Powercoin ties up its beautiful Eternal Sculptures series with an epic five ounce Bernini-themed special
A nice surprise today sees Powercoin release one final ‘tribute’ piece in its extremely elegant ‘Eternal Sculptures’ series of fine art coins. Launched in 2016, the five-coin series showcased some of the world’s greatest sculpted masterpieces in a unique way. Employing high-relief smartminting on both sides, they were struck to make it appear as if the sculpture was embedded through the coin. Enhanced with a marble-style colouring and set against a black proof backdrop, they remained true to the original work in a way we’ve not seen on other coins.
This special coin has an all new design on the reverse – Bernini’s ‘Ecstacy of Saint teresa’ and there are a few changes from the coins that have gone before. Most notable is the bumping up in the amount of fine silver from two ounces to five. This has allowed the diameter to increase from near 39 mm to 65 mm. The reverse looks ostensibly the same as the earlier coins, but also includes some gold colour. We’d normally be disappointed at a change of this type, but not only is this an end of series special, the subject is part of a wider setting, which the colour helps reproduce. Each of the earlier coins showcased a sculpture that is freestanding in isolation.
The obverse differs considerably. In this case the sculpture does not pass through the coin, instead its replaced by a superb encapsulated view of the whole series of two-ounce coins in miniature form. You can see CIT’s enhanced smartminting at work here and it looks mightily impressive.
It was a shame to see this series end, but we’re pleased that Powercoin took the time out to make such an exquisite piece to round it out in true style. With a mintage of 499 pieces and a price around €600, it’s clearly not for everyone, but collectors of the series, lovers of fine art, and any coin collector looking for something different, will find much to like here. Available to order now with shipping around August time, assuming we don’t get another Covid variant from Narnia or something…
GIAN LORENZO BERNINI
7 December 1598 – 28 November 1680. An Italian sculptor and architect. While a major figure in the world of architecture, he was the leading sculptor of his age, credited with creating the Baroque style. In addition, he was a painter (mostly small canvases in oil) and a man of the theater: he wrote, directed and acted in plays (mostly Carnival satires), also designing stage sets and theatrical machinery, as well as a wide variety of decorative art objects including lamps, tables, mirrors, and even coaches. As architect and city planner, he designed both secular buildings and churches and chapels, as well as massive works combining both architecture and sculpture, especially elaborate public fountains and funerary monuments and a whole series of temporary structures (in stucco and wood) for funerals and festivals.
Bernini possessed the ability to depict dramatic narratives with characters showing intense psychological states, but also to organize large-scale sculptural works that convey a magnificent grandeur. His talent extended beyond the confines of sculpture to a consideration of the setting in which it would be situated; his ability to synthesize sculpture, painting, and architecture into a coherent conceptual and visual whole has been termed by the art historian Irving Lavin the “unity of the visual arts”. (Wikipedia)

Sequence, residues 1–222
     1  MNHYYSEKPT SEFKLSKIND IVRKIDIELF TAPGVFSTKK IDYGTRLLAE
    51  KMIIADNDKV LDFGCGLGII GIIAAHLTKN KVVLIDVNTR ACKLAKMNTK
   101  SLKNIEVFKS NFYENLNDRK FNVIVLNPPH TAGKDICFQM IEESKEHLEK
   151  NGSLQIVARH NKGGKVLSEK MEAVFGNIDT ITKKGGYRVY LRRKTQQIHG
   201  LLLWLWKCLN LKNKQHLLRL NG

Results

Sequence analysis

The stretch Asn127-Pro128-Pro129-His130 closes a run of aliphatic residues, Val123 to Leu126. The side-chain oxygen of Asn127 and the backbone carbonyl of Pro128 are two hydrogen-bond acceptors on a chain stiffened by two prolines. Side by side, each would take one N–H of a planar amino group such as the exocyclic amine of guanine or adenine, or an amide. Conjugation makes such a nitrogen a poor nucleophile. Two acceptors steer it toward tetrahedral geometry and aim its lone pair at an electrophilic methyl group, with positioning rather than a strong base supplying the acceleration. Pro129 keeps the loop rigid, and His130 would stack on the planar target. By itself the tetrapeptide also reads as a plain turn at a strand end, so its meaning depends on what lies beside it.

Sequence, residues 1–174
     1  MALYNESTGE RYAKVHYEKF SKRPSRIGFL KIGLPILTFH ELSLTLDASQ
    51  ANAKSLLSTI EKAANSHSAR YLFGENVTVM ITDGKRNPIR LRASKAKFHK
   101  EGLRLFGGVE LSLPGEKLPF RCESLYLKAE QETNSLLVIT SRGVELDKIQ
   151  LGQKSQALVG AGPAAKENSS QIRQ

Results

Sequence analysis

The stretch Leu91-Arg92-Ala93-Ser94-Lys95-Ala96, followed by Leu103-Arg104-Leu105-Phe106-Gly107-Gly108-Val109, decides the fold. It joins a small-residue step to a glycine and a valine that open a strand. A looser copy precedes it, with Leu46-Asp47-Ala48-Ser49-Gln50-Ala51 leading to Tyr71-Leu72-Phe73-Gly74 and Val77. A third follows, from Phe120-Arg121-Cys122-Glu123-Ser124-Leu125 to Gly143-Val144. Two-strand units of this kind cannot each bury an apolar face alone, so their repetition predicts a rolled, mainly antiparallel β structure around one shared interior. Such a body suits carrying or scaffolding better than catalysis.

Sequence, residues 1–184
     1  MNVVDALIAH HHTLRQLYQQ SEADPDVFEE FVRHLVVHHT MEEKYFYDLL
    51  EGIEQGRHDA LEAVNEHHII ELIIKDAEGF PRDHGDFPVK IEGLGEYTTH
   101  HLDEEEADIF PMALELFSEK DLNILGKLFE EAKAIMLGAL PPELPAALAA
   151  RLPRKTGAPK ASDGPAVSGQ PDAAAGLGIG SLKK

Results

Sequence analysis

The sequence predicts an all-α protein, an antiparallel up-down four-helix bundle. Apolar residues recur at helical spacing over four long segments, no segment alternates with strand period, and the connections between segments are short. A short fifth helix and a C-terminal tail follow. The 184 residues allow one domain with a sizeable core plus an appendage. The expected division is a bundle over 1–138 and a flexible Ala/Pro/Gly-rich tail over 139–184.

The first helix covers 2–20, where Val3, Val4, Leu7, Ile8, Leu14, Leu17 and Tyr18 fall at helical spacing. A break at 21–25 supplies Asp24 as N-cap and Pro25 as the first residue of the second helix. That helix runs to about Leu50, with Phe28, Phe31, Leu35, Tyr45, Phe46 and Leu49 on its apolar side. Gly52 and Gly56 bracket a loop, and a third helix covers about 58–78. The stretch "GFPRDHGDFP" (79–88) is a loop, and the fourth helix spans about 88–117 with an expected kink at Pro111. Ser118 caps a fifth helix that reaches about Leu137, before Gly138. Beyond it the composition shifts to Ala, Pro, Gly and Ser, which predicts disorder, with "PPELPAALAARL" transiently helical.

ECSTACY OF SAINT TERESA
The Ecstasy of Saint Teresa is the central sculptural group in white marble set in an elevated aedicule in the Cornaro Chapel, Santa Maria della Vittoria, Rome. It was designed and completed by Bernini, the leading sculptor of his day, who also designed the setting of the Chapel in marble, stucco and paint. It is generally considered to be one of the sculptural masterpieces of the High Roman Baroque. It depicts Teresa of Ávila.
The two central sculptural figures of the swooning nun and the angel with the spear derive from an episode described by Teresa of Avila, a mystical cloistered Discalced Carmelite reformer and nun, in her autobiography, The Life of Teresa of Jesus (1515–1582). Her experience of religious ecstasy in her encounter with the angel is described as follows:
I saw in his hand a long spear of gold, and at the iron’s point there seemed to be a little fire. He appeared to me to be thrusting it at times into my heart, and to pierce my very entrails; when he drew it out, he seemed to draw them out also, and to leave me all on fire with a great love of God. The pain was so great, that it made me moan; and yet so surpassing was the sweetness of this excessive pain, that I could not wish to be rid of it. The soul is satisfied now with nothing less than God. The pain is not bodily, but spiritual; though the body has its share in it. It is a caressing of love so sweet which now takes place between the soul and God, that I pray God of His goodness to make him experience it who may think that I am lying.
The group is illuminated by natural light which filters through a hidden window in the dome of the surrounding aedicule, and underscored by gilded stucco rays. Teresa is shown lying on a cloud indicating that this is intended to be a divine apparition we are witnessing. Other witnesses appear on the side walls; life-size high-relief donor portraits of male members of the Cornaro family are present and shown discussing the event in boxes as if at the theatre. Although the figures are executed in white marble, the aedicule, wall panels and theatre boxes are made from coloured marbles. Above, the vault of the Chapel is frescoed with an illusionistic cherub-filled sky with the descending light of the Holy Ghost allegorized as a dove. (Wikipedia)
|MODIFICATIONS||Colour, High-relief Smartminting|
|BOX / C.O.A.||Yes / Yes|
Magnificent; beautiful finale. A work of Art in & of itself.